If Carl Hiassen married Raymond Chandler and engaged Dave Barry to be a surrogate mother, PLUGGED would be the progeny. Oh, grow up! This is a zany crime caper where such things are possible. With an unlikely title --- redolent of Chandler’s characters being “plugged” with lead bullets --- the bestselling author of the Artemis Fowl series makes his hilarious crime fiction debut, á la Elmore Leonard.
"If Carl Hiassen married Raymond Chandler and engaged Dave Barry to be a surrogate mother, PLUGGED would be the progeny."
Eoin (“It’s pronounced Owen!”) Colfer is the New York Times bestselling author of 25 titles published in 44 languages, with more than 20 million books sold. With PLUGGED, that number will increase exponentially.
Protagonist Daniel McEvoy is an Irish ex-pat and now a bouncer at seedy Slotz, a New Jersey casino. McEvoy’s friend, Zeb Kronski, has medical aspirations but no degree. That doesn’t stop him from injecting fake Botox or performing liposuction. It’s where Zeb injects the unwanted fat that magnifies the sassy, irreverent tone of this novel. Always a step ahead of the law, Zeb now transplants hair plugs for McEvoy and others. Perhaps that’s the titular plugged?
Connie DeLyne is a hostess “in a dump like Slotz,” and McEvoy comes to her aid too late, finding her dead with a dime-sized hole in her head. Detective Ronnie Deacon, “wearing anger on her face like latex,” investigates the homicide. Since McEvoy has “an aura that looked like shark-infested water [and could] piss people off just by walking by,” Deacon quickly focuses on him as the prime suspect.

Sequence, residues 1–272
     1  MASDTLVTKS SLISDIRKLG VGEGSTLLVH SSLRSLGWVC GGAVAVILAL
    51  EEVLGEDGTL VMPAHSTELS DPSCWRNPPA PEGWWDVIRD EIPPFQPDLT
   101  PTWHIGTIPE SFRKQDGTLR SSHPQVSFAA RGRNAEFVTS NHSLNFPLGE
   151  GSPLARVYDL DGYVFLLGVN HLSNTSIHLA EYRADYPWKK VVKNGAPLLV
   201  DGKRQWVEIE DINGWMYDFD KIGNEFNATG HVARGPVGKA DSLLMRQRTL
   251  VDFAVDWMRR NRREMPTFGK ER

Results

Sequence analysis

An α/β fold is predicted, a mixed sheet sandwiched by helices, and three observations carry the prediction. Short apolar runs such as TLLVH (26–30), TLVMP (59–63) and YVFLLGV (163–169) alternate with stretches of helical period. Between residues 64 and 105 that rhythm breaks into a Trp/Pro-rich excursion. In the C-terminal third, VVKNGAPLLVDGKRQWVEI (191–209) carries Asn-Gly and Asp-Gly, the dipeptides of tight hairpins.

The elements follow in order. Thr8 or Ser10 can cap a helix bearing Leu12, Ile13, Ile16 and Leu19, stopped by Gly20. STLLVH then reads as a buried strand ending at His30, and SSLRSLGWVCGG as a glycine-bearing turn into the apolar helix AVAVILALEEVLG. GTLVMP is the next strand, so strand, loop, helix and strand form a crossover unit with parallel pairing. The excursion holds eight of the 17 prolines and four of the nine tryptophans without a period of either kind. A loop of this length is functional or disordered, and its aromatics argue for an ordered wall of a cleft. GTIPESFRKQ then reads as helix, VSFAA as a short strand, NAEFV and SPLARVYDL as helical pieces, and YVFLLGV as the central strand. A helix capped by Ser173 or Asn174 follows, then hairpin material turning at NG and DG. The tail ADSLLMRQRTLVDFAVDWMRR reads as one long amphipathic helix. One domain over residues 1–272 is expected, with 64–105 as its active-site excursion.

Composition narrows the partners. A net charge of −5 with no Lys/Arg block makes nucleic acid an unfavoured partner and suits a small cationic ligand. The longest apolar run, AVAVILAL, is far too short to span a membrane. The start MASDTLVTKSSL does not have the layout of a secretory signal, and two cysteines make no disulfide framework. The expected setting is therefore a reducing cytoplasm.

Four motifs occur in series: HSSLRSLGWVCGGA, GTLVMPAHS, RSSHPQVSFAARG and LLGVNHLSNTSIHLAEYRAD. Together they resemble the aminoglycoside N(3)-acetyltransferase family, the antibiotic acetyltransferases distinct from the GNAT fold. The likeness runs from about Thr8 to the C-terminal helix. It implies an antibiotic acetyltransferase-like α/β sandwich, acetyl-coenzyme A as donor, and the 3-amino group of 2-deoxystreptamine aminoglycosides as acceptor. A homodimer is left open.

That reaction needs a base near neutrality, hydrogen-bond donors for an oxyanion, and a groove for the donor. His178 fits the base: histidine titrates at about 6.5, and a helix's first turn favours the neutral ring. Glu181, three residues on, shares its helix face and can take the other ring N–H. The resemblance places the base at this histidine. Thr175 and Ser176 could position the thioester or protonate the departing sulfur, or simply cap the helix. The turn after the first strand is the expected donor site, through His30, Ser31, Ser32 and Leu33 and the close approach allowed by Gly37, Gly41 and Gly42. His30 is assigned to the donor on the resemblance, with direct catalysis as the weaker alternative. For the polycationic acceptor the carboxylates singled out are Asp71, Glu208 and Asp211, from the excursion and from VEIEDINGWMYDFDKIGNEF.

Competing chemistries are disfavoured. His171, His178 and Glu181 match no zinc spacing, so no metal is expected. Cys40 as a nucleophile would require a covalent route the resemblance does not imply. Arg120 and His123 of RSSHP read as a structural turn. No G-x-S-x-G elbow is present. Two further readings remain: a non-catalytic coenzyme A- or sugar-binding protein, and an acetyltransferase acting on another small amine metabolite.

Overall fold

Now, Zeb has gone missing, and McEvoy questions if indeed he killed them both, fixating on conversations he had with a military shrink, Simon Moriarty. Metaphors are mixed with a blender, as McEvoy observes that “curiosity has always been the cat that skinned me.” In that mix are thoughts popping into McEvoy’s mind (“I’m carrying around my best friend in my head”) that he later attributes to the voice of Ghost Zeb. “Ghost Zeb is turning out to be as much of a pain in the arse as his corporeal self.”
Complicating matters is Irish Mike Madden, a “Mick who has never been to Ireland, [whose] [p]rostitution, protection and a burgeoning crystal meth business" personify the Irish mafia. The closest he’s come to the Emerald Isle is a St. Patrick’s Day parade.
Wearing “a sunburn of anger,” Irish Mike slams into Slotz, demanding to locate a mysterious disk from the day Connie was killed, when security cameras just happened to be wiped clean. “Well, it doesn’t get much more down and dirty than Slotz,” and the tables turn like a tornado.
Incredible imagination won’t suffice to solve this spectacular who-what-and-whydunit. This five-star story in the vein of Robert Coover’s NOIR has more twists than a box of rotini pasta. And it’s one of my Top Ten for ’11 review picks.
Reviewed by L. Dean Murphy on September 14, 2011